Indeed, as IMF research shows, fintech has helped to close the inclusion gender gap in some countries, but not everywhere.

Gaps in access to technology are one explanation, but even when access is equal, there appears to be lower usage by women. For example, in Egypt, Ethiopia, and India, men are 20 percentage points more likely than women to have their own phone; in Bangladesh, men are 22 percentage points more likely than women to have a mobile money account.

Women also tend to use digital services less than men, at least in some countries, possibly due to social norms, or issues related to affordability and financial literacy. That is why we believe increasing financial literacy can play a key role in generating higher gender participation in every economy.

Second, countries are asking for greater international cooperation in fintech:
· Nearly 80% mentioned cybersecurity as their most important priority;
· Around 60% listed anti-money laundering legal and regulatory frameworks;
· Another 40% cited payment systems including across borders.

I should note that these issues are already being discussed in the various international forums in which IMF staff participates, but countries want to see swifter progress.

For example, crypto-assets have been in use for several years, but even among the countries of the G20, there is no consensus on their regulatory treatment.

The same is true about another issue discussed in our review — market concentration.

A significant disruption to the financial landscape is likely to come from the big tech firms, who will use their enormous customer bases and deep pockets to offer financial products based on big data and artificial intelligence.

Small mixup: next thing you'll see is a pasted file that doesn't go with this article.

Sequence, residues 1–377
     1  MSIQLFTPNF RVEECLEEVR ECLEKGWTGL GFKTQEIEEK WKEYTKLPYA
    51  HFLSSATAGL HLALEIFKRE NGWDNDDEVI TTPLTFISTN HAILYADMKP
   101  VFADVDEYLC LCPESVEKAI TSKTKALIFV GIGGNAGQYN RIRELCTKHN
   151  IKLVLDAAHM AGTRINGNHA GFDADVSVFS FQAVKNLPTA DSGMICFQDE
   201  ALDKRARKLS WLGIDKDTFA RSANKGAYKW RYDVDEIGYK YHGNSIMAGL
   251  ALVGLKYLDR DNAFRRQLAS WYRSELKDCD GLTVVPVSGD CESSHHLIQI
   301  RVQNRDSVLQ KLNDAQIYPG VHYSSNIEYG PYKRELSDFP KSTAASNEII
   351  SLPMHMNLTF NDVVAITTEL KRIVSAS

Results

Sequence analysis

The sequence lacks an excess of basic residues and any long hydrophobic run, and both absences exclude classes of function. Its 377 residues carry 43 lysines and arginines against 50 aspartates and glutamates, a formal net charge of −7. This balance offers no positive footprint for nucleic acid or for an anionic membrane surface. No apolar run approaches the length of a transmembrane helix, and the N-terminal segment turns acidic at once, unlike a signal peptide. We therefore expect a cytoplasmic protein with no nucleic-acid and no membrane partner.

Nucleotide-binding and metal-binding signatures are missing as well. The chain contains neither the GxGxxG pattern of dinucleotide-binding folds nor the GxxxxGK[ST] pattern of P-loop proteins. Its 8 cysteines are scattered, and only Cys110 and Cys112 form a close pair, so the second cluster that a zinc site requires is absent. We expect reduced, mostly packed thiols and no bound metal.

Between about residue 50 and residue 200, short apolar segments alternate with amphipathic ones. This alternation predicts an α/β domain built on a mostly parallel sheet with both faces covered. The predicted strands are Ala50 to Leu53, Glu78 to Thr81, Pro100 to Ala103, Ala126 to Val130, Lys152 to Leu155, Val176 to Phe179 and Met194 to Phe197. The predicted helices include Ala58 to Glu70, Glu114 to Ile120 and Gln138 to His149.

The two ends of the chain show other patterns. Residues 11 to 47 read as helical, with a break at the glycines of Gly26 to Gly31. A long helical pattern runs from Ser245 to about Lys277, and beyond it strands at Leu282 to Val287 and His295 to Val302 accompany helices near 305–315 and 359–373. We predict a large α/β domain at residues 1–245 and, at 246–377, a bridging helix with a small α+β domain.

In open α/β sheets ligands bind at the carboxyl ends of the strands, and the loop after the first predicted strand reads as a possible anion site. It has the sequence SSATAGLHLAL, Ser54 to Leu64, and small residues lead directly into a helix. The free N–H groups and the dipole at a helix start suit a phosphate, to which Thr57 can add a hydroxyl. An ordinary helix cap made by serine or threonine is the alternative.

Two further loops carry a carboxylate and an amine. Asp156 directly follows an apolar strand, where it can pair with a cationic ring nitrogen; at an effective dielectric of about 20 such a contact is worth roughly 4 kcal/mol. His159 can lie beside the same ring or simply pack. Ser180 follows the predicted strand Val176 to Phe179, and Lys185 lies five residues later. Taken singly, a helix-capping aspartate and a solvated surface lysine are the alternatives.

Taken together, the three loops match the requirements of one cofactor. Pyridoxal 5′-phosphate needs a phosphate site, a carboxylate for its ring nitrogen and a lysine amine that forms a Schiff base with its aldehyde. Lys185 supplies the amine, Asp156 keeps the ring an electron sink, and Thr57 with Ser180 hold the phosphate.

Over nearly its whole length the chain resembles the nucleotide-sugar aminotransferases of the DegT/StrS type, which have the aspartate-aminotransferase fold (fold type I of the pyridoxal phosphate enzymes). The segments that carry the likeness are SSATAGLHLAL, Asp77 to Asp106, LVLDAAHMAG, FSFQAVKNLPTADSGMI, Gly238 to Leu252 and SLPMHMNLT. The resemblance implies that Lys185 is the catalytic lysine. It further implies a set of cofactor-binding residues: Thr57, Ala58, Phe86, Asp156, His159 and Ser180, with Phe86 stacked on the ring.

These developments hold out the promise of accelerating inclusion and modernizing financial markets, but raise, in addition to privacy issues, competition and market concentration concerns, both of which could lead to vulnerabilities in the financial system.

China’s technology industry is a prime example of this trade-off between benefits and challenges. Over the last five years, technology growth in China has been extremely successful and allowed millions of new entrants to benefit from access to financial products and the creation of high-quality jobs. But it has also led to two firms controlling more than 90% of the mobile payments market.

This presents a unique systemic challenge to financial stability and efficiency, and one I hope we can touch on during the G20, and address in a cooperative and consistent fashion

Conclusion
So, let me conclude. Everyone here, and many around the world, recognize that it is critical to continue the international dialogue on fintech. It is not as easy as it seems.

Integrating different national approaches to crypto-assets, non-bank fintech intermediaries, and the governance of data is crucial if we are to harness fintech’s potential to promote greater financial inclusion and development. Yet at the same time, we have to find a way to preserve financial stability and integrity, protect consumers, and increase financial literacy.

Here, we can draw inspiration from the famous Japanese proverb: Walk across the stone bridge only after you have tested its strength.

We will cross the bridge, together, into the fintech future. But we will only do so once we are confident that bridge is safe and secure.

Events like the one organized today are a critical part of this process. I congratulate our hosts and the Government of Japan for taking on this important initiative. The IMF is proud to be your partner.
Thank you very much. Domo Arigato!

Science tikkun: A framework embracing the right of access to innovation and translational medicine on a global scale

Featured Journal Content

PLoS Neglected Tropical Diseases
http://www.plosntds.org/
(Accessed 8 Jun 2019)
Editorial
Science tikkun: A framework embracing the right of access to innovation and translational medicine on a global scale
Peter J. Hotez
| published 06 Jun 2019 PLOS Neglected Tropical Diseases
https://doi.org/10.1371/journal.pntd.0007117